You know what would be a really great piece of software for voracious readers? A piece of software more like radio. Using Lost.FM radio, music fans can 'scrobble' (brackets: 'find') bands similar to their existing favourites. How could would that be if it existed for books?!! I would love to use a piece of software that recommended authors to me that wrote in similar styles to the ones I already enjoy. Existing recommendation systems are clunky at best, or embarrassingly wide of the mark at worst. I'm talking to YOU, Amazon Recommends. A Quiver Full Of Arrows, for me? Really?!

I can't be the only keen reader who'd love to be able to get personalised recommendations for new authors, recommendations of authors she's actually likely to enjoy. I would buy this software, for sure.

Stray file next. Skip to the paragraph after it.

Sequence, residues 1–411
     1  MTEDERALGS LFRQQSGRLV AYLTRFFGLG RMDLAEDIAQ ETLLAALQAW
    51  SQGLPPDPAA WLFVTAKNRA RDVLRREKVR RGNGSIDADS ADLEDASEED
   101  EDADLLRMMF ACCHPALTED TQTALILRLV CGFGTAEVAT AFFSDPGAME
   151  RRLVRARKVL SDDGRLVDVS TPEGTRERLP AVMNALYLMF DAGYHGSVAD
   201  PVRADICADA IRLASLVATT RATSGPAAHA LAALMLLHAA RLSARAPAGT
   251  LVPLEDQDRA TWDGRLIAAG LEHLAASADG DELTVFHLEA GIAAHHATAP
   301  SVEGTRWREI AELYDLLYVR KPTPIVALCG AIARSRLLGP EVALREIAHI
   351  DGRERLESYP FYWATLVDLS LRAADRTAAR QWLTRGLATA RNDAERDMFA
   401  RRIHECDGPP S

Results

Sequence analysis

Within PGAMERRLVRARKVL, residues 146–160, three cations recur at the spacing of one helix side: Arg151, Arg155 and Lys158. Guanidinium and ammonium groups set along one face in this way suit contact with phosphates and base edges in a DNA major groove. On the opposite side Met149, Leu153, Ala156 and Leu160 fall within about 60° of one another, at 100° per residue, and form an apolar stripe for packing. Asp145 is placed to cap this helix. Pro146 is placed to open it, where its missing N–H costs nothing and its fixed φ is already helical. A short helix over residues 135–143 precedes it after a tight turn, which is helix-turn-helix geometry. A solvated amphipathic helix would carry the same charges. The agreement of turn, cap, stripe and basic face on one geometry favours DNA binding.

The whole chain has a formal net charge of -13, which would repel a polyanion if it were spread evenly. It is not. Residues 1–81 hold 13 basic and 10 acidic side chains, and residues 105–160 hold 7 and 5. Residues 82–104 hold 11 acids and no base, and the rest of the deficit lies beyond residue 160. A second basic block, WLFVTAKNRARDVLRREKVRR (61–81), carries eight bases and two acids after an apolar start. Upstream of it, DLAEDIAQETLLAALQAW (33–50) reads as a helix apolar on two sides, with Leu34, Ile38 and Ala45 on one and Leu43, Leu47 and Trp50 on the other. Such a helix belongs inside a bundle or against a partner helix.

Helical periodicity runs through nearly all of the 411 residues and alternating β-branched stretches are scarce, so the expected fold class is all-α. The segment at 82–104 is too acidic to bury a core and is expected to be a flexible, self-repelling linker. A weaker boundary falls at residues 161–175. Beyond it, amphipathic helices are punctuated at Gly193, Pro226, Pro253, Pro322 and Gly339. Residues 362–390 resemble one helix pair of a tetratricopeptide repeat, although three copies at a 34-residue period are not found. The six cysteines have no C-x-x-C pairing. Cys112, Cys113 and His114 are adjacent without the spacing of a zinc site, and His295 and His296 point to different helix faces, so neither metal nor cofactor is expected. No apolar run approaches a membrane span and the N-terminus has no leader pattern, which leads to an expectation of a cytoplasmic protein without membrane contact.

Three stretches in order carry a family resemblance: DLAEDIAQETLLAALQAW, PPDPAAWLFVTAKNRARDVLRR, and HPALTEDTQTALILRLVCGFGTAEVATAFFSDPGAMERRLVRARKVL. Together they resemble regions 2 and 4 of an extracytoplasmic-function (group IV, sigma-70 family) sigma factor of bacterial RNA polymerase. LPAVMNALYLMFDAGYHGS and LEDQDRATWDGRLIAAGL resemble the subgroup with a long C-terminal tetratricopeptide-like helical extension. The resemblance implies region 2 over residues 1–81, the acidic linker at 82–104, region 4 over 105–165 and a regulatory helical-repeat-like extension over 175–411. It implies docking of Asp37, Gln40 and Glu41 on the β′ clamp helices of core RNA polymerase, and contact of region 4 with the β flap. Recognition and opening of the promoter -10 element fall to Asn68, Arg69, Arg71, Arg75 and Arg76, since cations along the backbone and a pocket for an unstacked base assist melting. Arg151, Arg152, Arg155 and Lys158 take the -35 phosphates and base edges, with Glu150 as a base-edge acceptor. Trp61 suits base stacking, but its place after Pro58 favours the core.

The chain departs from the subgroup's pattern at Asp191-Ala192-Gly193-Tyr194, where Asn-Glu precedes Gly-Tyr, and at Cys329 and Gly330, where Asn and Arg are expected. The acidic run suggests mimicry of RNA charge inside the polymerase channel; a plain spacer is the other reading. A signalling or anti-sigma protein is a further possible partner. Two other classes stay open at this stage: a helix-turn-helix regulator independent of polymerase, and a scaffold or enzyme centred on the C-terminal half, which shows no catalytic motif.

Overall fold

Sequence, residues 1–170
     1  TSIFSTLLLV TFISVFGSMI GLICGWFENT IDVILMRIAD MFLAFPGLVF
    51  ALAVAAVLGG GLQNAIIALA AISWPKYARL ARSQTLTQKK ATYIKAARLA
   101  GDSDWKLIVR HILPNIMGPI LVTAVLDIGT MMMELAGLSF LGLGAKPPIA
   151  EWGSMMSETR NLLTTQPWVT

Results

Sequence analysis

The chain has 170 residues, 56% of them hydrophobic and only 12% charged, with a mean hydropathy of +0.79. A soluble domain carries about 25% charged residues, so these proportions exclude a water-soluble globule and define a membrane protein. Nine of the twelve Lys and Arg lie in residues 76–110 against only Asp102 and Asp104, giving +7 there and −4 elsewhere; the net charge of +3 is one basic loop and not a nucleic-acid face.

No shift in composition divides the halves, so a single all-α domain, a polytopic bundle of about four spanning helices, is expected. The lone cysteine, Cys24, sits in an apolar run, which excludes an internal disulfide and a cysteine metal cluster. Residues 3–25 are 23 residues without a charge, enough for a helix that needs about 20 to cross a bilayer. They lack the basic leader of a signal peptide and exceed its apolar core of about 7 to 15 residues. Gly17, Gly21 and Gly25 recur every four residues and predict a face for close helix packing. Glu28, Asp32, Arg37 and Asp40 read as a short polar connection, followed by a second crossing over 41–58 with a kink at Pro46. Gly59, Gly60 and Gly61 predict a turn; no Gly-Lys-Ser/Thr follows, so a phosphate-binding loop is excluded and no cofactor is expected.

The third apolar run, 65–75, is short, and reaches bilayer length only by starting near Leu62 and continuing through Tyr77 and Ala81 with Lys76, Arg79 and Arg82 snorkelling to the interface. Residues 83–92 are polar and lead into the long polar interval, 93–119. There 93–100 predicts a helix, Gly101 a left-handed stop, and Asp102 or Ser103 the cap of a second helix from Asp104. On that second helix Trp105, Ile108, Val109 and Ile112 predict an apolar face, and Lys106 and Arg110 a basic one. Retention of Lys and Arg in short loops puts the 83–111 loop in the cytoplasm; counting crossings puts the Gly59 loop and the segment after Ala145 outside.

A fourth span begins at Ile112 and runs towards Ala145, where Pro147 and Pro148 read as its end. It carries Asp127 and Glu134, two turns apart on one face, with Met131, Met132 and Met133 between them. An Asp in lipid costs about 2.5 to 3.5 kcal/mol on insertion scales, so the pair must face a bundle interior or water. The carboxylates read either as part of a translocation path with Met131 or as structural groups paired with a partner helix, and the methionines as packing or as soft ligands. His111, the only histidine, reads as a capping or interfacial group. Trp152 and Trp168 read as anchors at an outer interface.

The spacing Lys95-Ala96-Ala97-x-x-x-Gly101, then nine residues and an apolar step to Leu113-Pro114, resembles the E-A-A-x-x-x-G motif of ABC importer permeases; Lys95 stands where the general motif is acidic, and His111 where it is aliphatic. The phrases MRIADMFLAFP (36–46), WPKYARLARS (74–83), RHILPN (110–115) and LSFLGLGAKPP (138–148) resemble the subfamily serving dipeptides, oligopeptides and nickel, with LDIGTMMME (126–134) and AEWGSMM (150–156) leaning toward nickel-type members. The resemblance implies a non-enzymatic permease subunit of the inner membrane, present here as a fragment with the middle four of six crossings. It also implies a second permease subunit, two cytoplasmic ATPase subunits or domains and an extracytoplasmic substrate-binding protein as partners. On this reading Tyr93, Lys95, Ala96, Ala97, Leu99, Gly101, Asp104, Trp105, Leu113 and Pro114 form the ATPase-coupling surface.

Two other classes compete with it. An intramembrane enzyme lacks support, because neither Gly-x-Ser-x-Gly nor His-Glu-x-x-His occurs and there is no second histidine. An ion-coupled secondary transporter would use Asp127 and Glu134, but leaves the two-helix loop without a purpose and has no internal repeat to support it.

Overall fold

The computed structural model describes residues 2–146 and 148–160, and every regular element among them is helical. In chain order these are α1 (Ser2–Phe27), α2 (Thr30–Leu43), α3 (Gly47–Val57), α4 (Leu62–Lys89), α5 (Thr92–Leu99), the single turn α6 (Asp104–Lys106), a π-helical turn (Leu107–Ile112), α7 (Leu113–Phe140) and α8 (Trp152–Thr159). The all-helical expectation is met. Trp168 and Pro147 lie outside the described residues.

Wednesday, 6 January 2010

Snow day!

This post first appeared on my Red Room profile

Well, we've had the shortest day, according to reports, but according to me, the mornings appear to be getting darker. How do they make that work?

This morning, I was up and at 'em before the sun had risen. In the glow of the street light, I could see snow falling. Great, heavy, juicy globs of snow, a dozen snowflakes clumping together like heavenly muesli. I thought, "Should I go to work? Will I get stuck?" This was the question I mulled over my tea and toast, sitting at the kitchen table. It was coming down the whole time I chewed on my toast, and was still the one I considered while I held Pig Destroyer up to the window to show him the snow.